Talking Headways Podcast: Open Mobility as a Service

mobility as a service montage

This week we’re joined by Andrew Salzberg, head of policy at Transit app.  Salzberg talks with us about Transit’s “Guide to Open Mobility as a Service” and discusses how policy can create a better travel experience for everyone.  We talk about data standards, what MDS is actually for, and making mobility more like e-mail.

For those of you who prefer to read rather than to listen, check out an edited transcript below the audio player. For the unedited full podcast, click here.

Jeff Wood: You did come on to talking about this recent document, “The Guide to Open Mobility as a Service,” you all discuss creating open mobility standards and the like, what does that mean specifically? What does an open mobility standard mean to you?

Andrew Salzberg: I like to talk about it using an analogy. So the one that’s the most obvious to me and we have lots of digital systems where data standards are already a thing. But my favorite example is in communications. So if you think about e-mail, which is not a very exciting topic, but if I send you an e-mail and you use Yahoo and I use Gmail and we include someone else who uses Hotmail, our messages get to each other, and we don’t really have to think about it. You know, the fact that I’m even saying it probably strikes people as odd, it’s so boring and mundane and happening in the background. But the only reason that’s the case is because, 50 years ago in the 1970s, people got together and set up a data standard for how e-mail works. It’s been working on that standard ever since, which means that no one company controls the interface and no one company can dominate it.

It doesn’t matter what client you use or what software you use to send e-mail. We can all exchange with each other, but that’s a way in which that system was built on an open data standard. If you contrast that with other ways to message someone, you know, I want to message my cousin who uses Facebook Messenger. I have to download Facebook Messenger to send her a message. That means that even if I don’t like Facebook, for whatever reason, I don’t love the company or the interface is clunky, or I just have enough messaging apps, I still have to download that app. That’s because there is no open standard for sending someone a Facebook Messenger message, you have to be in that little ecosystem to be able to use it. So, broadly speaking, the purpose of our guide that we put out around open mobility as a service is to try and provide a pathway for mobility, as it goes increasingly digital to work more like e-mail and less like Facebook Messenger.

We can get into the specifics. But I think at a high level, if that happens, we have a theory and I personally have a real strong belief that that system was going to be more transparent, more accountable, ultimately also more equitable for writers and more sustainable if we can do it that way. So that’s the big picture.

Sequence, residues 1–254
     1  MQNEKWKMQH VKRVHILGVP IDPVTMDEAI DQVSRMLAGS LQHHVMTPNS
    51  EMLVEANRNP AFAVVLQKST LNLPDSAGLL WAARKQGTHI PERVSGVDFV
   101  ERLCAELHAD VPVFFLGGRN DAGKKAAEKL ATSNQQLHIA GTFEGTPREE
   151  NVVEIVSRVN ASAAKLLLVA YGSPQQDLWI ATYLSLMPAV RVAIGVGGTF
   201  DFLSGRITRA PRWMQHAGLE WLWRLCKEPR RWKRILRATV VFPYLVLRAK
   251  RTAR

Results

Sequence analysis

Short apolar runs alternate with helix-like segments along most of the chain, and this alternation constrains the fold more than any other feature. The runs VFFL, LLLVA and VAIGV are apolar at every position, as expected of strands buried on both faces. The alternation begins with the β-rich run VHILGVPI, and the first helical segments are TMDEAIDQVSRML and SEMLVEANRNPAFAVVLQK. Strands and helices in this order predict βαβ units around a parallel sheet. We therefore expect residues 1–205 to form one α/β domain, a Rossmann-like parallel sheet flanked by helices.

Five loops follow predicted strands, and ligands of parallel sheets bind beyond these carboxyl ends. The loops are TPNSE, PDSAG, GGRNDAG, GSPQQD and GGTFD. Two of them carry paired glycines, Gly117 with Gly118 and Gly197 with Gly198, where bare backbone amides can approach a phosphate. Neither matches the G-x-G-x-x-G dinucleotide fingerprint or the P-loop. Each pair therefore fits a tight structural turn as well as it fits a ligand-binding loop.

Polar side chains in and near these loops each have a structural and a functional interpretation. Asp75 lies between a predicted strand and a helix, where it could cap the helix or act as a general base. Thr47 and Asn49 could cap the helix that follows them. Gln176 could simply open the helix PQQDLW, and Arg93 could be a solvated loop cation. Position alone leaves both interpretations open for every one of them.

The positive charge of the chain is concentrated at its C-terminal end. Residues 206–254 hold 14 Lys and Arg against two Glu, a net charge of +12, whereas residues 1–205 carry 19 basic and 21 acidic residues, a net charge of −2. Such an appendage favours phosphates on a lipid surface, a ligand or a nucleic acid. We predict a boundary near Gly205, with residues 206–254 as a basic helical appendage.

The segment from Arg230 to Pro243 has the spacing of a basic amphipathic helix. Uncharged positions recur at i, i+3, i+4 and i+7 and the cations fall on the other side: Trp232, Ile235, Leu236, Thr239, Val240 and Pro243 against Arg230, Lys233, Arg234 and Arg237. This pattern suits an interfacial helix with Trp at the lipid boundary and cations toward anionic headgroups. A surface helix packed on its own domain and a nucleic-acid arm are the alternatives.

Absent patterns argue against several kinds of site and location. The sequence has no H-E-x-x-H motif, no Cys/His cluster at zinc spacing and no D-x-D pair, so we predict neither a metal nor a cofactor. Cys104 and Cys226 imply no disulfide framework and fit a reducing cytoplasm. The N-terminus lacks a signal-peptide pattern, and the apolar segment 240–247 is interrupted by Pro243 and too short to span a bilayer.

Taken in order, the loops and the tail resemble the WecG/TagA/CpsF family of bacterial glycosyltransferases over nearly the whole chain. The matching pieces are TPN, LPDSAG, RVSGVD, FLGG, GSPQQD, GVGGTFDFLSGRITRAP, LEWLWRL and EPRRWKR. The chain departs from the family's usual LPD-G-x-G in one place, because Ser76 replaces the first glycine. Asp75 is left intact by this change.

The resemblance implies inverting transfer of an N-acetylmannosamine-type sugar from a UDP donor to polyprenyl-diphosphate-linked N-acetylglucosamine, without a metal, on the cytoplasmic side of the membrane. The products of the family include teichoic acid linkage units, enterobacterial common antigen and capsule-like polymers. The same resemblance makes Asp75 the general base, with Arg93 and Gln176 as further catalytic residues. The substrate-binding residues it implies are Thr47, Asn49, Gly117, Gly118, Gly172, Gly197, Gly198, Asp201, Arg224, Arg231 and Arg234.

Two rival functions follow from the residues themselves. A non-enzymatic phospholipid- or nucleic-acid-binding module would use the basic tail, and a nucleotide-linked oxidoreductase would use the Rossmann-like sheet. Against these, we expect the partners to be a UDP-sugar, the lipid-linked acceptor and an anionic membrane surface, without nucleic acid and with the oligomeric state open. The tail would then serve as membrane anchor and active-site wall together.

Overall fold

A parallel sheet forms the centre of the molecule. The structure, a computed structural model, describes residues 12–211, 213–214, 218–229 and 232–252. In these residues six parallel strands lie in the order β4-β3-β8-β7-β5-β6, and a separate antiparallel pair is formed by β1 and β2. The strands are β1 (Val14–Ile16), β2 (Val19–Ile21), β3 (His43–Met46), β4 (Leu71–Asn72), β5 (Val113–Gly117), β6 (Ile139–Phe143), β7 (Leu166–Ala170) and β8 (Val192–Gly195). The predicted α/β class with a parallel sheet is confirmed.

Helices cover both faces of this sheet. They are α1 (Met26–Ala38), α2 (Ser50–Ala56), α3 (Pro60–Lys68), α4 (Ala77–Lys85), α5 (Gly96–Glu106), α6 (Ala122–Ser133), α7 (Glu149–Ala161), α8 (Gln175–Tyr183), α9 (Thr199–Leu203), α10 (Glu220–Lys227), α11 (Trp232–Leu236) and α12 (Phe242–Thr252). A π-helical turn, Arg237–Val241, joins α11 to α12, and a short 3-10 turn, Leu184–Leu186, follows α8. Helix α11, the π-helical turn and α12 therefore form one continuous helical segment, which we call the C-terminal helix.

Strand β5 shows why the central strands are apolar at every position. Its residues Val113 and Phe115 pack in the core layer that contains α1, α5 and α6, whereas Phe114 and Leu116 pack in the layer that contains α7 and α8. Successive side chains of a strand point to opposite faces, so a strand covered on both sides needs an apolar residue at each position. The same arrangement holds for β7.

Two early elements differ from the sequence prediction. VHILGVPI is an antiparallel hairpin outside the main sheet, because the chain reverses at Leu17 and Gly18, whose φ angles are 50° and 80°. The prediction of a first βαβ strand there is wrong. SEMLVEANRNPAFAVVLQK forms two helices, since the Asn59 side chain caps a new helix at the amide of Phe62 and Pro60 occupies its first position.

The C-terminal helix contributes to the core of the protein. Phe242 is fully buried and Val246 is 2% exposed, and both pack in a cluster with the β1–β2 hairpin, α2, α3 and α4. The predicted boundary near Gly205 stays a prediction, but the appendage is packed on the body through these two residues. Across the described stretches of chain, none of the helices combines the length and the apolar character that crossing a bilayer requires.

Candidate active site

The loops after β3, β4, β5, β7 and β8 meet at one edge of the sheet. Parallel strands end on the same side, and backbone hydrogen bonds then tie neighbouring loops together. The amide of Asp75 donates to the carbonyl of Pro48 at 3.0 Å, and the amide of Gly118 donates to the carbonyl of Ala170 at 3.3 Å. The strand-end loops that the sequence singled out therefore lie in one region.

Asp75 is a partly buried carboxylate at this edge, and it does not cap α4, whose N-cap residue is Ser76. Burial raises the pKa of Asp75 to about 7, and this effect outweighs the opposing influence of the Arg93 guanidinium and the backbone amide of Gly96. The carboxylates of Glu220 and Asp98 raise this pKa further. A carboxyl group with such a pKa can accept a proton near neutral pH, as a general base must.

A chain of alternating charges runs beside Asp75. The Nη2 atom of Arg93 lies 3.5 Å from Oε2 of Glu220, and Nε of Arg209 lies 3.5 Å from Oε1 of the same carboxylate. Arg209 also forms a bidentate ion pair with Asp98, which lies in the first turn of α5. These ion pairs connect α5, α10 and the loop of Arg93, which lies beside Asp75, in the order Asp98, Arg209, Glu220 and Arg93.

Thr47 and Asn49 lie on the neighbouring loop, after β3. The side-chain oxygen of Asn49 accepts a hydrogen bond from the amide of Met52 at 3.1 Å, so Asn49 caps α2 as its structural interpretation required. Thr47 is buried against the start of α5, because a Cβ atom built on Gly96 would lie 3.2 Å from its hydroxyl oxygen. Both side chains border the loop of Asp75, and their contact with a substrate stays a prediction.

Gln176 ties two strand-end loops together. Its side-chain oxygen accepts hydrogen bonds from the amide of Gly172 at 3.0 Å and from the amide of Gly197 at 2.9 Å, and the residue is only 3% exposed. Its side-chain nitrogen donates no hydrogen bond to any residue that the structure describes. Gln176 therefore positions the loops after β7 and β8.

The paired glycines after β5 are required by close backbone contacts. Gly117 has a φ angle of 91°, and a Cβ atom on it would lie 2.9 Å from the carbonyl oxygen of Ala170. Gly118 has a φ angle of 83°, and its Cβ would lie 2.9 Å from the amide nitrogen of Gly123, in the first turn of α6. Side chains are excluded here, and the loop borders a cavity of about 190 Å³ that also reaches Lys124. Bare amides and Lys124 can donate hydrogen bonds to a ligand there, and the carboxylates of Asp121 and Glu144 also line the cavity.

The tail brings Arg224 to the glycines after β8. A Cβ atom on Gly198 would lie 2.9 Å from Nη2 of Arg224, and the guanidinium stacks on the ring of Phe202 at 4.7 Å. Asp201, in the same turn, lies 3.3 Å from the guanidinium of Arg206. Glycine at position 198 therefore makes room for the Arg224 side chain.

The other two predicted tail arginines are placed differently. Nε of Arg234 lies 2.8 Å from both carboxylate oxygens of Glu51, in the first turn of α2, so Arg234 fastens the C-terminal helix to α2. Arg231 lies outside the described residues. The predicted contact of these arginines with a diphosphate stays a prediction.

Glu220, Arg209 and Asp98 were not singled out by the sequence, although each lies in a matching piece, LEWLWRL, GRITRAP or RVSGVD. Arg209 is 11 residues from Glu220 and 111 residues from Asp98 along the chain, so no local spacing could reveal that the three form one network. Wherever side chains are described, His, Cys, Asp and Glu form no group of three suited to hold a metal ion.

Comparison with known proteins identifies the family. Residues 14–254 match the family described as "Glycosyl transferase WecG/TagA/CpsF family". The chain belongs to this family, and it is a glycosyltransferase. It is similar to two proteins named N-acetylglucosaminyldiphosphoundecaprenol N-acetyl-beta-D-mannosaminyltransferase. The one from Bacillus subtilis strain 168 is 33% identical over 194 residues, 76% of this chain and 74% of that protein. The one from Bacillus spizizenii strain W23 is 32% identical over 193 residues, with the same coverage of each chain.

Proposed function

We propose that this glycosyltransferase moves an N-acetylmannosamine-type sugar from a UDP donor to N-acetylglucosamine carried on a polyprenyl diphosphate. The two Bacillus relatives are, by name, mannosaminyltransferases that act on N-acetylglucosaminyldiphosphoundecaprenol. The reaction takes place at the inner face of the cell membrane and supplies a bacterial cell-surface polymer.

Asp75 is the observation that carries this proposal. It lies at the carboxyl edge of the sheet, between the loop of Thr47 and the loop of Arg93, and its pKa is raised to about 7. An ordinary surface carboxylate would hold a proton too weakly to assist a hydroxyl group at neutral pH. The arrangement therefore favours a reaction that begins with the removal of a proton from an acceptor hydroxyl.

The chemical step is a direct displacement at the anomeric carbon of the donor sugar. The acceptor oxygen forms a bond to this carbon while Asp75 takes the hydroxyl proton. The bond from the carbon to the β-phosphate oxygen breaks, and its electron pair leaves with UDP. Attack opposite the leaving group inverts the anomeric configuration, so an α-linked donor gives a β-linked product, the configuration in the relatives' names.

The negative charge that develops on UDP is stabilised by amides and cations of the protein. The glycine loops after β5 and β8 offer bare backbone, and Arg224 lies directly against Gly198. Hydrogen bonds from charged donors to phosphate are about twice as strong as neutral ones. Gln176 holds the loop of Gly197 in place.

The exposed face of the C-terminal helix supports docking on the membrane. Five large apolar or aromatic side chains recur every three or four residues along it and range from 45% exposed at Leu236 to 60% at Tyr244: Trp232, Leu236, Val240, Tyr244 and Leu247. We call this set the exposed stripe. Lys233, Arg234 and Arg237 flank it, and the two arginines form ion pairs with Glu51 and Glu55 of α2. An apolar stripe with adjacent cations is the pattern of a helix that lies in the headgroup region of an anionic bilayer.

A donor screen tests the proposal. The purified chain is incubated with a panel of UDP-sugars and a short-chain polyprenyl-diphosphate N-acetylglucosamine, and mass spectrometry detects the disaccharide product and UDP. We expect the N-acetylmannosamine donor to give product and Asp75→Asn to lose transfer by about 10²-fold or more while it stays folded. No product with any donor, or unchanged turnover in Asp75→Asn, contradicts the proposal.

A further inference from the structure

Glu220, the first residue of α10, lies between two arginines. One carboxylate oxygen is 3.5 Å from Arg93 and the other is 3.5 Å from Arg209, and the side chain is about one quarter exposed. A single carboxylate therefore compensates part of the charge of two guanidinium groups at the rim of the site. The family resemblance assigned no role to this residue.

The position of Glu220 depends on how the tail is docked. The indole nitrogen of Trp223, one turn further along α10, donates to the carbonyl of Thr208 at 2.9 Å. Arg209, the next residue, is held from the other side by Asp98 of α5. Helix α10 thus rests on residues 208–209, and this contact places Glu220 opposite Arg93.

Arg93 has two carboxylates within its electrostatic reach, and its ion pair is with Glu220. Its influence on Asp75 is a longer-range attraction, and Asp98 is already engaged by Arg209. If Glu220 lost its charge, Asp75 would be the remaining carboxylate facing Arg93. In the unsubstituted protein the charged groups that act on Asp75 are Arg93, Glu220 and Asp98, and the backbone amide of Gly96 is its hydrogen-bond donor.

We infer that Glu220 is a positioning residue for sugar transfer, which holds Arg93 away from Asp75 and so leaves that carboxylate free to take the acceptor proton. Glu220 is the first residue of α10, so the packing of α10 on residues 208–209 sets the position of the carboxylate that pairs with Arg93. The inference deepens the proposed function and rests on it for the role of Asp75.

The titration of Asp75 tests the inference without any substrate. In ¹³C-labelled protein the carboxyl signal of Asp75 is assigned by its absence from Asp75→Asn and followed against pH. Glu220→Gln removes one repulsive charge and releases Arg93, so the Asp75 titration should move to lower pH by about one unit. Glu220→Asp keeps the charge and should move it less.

Jeff Wood: We hear a lot about this idea of the “walled garden.” The idea that they want to keep users inside of their local ecosystem instead of allowing them to break out and to be different. So what gives you heart that what actually would happen with an open data system is more akin to e-mail than Facebook Messenger?

Andrew Salzberg: Well,  I don’t want to sound like it’s going to be easy. I don’t think there’s any guarantee that it will happen. There are pieces we can talk about that are happening already; there’s some really good stuff that’s actually happening. I don’t want to be a really negative, but I also didn’t want to pretend like the stuff is just going to happen on its own — that this system will magically work. I think there’s a lot of investment money and businesses that really want to have as much control over mobility systems and frankly, other areas of business too, so that they can funnel their users to the place that makes the most sense for them. I came on the show last time and I worked at Uber and at the time or around then I think we were, we started using a tagline being the “Amazon” of transportation.

If we think about that now a few years later, there’s a lot of worry I think about the power of Amazon, and how does it work to show you one seller or another, and why do they do that? How much power does that give them over suppliers and whose interest are they working in? I think generally speaking, probably Amazon might not be the model we would love to choose for how our mobility system would work. So I think that we wanna try and outline a different way to do things, but I don’t want to pretend like it’s the easy way. In some ways, I think it’s more challenging, which is why it takes a concerted group of people to actually make it happen. That’s one of the things in the guide is … Transit [app] wrote the guide but, obviously, it’s not about Transit [app]. You know, inside there are at least a dozen or more companies that we highlight who are doing things differently.

Either they are providing open APIs as a micro-transit provider in the case of Spare, or they have an API for a mobile ticketing platform like Masabi in Ohio does, so multiple people could buy transit tickets really easily. So there’s a lots and lots of examples of individual companies or organizations that are laying the groundwork for a more e-mail like vision of the future of mobility. But I think it’s going to take a lot of energy and dedication to make that the way things go.

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